Aluminium shortage “temporary and artificial” says world’s largest buyer

Financial Events

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Al warehouseWhen was the last time you told your customers that they would have to wait 570 days for delivery of material for which they have already paid?

You’ve never done this?  Well, you need to take lessons from those super-smart people who own the aluminium warehouses, such as Goldman Sachs (pictured above by Reuters).  As the blog has noted before, they have created a situation where warehouse stocks now represent enough metal to build 2 years’ supply of cars.

Finally, however, the world’s largest buyer, Novelis, has gone public with its complaints to the Financial Times.  They argue that the shortage is “temporary and artificial”, and that the market remains in large surplus with 10m – 15m tonnes of metal stored in warehouses around the world.

They are also upset by a second tactic now common in the market.  If you want to obtain prompt material to use today, and you can’t obtain your own material from the warehouse until the end of 2015, you instead have to pay a “prompt premium”.  And this isn’t small change.  Last week, buyers were paying about $450/t in premium, 26% above the supposed ‘cash price’ at the London Metal Exchange.

Clearly, ‘enough is now enough’ for Novelis.  As their chief supply officer, Nick Madden, notes:

There is more than enough metal to meet the higher consumption levels, but it continues to be held off-market by those who benefit from financing deals and the appreciation in premiums. This increase in costs ultimately does flow down through the supply chain to the end consumer.”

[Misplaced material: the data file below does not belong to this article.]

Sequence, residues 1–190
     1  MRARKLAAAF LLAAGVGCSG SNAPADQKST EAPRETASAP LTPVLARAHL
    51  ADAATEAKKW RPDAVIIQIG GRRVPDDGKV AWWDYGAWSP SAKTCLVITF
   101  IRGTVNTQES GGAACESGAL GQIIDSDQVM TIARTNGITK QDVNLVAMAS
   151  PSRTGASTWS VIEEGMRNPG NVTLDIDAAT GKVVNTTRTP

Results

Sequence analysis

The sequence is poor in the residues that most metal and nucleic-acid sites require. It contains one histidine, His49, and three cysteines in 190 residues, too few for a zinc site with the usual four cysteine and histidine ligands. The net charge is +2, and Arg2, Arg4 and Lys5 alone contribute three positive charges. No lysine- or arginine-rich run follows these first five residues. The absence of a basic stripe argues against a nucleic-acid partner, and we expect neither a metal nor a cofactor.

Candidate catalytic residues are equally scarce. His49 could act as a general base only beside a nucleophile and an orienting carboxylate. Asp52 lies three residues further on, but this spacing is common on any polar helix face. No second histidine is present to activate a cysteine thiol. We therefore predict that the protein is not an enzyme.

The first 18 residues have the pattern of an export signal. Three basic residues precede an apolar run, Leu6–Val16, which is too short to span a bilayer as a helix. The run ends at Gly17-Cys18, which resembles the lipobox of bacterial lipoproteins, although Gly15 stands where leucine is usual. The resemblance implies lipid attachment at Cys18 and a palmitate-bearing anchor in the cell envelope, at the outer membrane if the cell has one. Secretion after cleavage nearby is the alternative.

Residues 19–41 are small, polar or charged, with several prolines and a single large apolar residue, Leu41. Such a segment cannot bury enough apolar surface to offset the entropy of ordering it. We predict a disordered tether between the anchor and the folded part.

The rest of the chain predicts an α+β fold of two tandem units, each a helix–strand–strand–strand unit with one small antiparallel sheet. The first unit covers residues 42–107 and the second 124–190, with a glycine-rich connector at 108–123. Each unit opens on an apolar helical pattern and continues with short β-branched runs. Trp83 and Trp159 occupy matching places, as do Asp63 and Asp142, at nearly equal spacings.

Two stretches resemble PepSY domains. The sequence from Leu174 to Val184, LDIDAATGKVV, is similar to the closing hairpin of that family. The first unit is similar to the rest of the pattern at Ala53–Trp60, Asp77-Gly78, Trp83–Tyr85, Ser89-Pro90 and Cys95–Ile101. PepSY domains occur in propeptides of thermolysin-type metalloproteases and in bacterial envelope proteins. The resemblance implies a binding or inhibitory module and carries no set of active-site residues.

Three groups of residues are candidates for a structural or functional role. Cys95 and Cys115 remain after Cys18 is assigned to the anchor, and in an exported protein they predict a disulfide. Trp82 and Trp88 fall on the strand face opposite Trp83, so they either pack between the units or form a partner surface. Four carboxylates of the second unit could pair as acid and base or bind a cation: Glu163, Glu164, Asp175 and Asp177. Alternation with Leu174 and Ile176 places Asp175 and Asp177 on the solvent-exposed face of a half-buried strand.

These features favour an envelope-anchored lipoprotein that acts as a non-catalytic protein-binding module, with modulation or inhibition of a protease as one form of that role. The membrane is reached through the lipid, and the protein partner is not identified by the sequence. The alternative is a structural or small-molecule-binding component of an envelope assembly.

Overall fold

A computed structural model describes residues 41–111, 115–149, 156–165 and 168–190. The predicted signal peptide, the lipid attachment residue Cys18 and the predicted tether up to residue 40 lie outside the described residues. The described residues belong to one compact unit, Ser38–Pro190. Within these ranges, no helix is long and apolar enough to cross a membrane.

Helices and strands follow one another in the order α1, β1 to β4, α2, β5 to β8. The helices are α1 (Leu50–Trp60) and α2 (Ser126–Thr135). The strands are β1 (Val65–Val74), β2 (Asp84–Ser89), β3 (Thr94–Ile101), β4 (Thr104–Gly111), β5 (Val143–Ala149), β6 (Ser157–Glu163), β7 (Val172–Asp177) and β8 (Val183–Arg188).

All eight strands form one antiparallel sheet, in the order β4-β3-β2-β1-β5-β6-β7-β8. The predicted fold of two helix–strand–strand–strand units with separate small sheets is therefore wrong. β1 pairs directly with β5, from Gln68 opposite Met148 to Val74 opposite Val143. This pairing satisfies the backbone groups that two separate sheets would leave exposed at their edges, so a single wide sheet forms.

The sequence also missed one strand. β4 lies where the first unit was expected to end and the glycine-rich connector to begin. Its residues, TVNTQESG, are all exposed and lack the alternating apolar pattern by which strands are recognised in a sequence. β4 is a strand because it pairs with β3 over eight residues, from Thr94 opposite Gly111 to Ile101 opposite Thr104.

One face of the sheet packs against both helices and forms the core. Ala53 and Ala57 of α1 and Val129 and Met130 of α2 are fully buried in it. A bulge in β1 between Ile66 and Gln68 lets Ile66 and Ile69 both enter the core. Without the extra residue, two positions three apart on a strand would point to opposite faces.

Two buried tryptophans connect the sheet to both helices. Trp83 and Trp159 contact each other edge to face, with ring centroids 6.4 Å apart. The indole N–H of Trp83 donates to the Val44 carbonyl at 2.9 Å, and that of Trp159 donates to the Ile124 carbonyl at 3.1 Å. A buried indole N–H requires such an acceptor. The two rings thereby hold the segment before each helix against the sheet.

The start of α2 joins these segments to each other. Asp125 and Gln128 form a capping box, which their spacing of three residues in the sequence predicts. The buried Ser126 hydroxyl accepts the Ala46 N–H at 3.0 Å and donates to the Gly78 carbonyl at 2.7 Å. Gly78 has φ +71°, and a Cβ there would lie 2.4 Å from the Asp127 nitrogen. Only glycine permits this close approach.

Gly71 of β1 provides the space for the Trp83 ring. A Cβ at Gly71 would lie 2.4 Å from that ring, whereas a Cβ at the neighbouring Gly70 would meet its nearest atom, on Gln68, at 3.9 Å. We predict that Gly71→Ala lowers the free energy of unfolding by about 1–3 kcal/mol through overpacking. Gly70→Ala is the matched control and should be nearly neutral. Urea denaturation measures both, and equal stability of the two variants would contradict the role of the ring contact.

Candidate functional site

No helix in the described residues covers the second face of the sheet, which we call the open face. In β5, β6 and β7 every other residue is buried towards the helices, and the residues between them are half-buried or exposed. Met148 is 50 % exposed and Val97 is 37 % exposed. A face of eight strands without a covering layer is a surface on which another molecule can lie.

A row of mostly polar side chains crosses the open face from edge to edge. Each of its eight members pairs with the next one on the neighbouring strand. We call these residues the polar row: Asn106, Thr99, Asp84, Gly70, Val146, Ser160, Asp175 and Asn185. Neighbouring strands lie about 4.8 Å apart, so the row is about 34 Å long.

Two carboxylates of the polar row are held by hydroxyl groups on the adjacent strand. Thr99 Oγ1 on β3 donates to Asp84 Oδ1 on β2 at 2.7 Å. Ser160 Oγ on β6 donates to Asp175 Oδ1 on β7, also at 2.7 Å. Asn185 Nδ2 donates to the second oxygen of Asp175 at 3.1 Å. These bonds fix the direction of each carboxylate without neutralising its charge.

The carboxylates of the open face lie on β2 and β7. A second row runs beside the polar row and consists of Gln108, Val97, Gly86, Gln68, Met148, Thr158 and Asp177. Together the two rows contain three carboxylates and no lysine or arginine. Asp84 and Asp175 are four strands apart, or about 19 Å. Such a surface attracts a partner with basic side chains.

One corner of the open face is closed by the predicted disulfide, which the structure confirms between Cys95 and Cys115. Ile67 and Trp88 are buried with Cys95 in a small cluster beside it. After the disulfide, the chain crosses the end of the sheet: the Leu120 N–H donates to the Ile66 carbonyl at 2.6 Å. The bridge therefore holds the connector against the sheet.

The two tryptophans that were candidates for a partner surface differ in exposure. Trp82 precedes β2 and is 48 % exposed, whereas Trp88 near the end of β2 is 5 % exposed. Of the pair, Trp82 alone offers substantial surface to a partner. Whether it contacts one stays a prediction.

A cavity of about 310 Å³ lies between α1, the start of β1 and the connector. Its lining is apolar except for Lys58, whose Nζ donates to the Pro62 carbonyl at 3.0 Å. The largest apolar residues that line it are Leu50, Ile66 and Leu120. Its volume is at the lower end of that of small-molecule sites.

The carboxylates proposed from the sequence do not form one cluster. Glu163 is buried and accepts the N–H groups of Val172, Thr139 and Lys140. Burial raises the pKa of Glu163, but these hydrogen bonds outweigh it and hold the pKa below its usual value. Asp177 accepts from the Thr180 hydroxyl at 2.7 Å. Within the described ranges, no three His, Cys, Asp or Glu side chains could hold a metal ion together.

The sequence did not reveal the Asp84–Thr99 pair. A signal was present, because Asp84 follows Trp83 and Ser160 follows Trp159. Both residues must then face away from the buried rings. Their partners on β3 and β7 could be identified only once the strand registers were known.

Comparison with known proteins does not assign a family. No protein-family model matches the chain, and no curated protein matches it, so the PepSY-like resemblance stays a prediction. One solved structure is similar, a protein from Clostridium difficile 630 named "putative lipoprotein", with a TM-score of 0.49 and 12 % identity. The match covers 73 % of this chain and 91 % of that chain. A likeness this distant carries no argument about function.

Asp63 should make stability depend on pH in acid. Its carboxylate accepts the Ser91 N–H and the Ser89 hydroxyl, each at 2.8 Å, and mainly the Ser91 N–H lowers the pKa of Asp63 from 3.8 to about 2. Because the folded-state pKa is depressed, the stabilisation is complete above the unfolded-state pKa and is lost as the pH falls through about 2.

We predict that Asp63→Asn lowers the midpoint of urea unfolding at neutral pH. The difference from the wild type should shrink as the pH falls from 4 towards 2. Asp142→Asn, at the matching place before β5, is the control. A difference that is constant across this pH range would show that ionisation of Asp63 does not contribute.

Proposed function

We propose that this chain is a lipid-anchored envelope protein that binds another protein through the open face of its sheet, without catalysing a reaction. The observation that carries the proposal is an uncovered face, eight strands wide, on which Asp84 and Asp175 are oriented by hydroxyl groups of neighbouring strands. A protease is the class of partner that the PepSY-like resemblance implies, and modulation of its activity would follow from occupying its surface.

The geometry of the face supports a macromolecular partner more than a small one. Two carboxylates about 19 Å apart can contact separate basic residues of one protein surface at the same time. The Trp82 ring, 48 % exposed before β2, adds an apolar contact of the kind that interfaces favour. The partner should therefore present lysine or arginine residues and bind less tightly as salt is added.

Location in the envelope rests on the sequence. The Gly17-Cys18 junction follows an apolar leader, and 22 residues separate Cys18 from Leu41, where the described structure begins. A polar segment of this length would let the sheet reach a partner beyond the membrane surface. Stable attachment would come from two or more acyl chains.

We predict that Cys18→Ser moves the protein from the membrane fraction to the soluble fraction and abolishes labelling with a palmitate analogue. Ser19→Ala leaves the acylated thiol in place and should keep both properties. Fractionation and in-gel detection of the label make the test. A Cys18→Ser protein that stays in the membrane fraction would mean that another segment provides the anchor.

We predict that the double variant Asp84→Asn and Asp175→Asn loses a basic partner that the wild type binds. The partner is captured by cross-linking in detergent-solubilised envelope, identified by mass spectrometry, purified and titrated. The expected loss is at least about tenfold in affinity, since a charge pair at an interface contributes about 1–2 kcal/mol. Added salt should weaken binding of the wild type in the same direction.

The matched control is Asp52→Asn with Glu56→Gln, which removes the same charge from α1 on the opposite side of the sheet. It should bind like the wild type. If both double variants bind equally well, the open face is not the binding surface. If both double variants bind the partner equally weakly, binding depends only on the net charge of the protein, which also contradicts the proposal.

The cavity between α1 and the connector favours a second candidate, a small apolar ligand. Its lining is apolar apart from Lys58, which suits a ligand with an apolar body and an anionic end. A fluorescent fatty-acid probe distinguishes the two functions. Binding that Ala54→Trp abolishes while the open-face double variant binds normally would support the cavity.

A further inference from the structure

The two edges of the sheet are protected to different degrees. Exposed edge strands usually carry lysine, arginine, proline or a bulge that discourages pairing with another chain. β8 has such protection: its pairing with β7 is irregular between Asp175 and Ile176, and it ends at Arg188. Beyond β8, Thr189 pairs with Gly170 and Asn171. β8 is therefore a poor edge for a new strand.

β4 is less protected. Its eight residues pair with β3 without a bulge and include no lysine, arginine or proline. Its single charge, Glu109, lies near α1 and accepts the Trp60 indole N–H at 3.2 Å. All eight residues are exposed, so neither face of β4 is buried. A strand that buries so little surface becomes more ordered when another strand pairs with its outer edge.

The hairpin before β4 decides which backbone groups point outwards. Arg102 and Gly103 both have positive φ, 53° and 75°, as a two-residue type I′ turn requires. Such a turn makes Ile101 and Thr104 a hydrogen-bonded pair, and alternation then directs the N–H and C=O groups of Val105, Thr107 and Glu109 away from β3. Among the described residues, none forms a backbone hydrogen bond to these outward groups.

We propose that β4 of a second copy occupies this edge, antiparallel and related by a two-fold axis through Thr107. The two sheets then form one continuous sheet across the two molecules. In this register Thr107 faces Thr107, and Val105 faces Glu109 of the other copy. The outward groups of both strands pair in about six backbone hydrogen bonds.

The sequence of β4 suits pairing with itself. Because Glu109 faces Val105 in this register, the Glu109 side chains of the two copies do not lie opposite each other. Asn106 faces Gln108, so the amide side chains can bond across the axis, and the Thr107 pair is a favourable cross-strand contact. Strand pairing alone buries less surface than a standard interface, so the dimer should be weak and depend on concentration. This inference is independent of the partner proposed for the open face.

Aluminium is thus another market, like crude oil, where the market is completely failing in its primary role of price discovery.  There have been no shortages in either market since 2009 to justify today’s high prices.  And the short-sighted greed of those creating these high prices is clearly having major negative effects on those of us who live in the real world:

  • Aluminium is used in a wide range of applications, from beverage cans to car bodies
  • Its higher prices therefore have to be passed on to consumers
  • Equally, caustic soda demand has been artificially inflated by the aluminium stock build-up
  • When finally the bubble bursts, chloralkali producers will be the innocent victims as demand disappears

This moment may now be approaching quite quickly.  Demand for new cars has begun falling in major markets, as the blog discussed yesterday.  And this could well be the trigger for a price collapse, if it continues.

In the meantime, the moral of the aluminium story is clear.  As in virtually every area impacted by the Crisis, most regulators and policymakers have let down the people they were supposed to protect.

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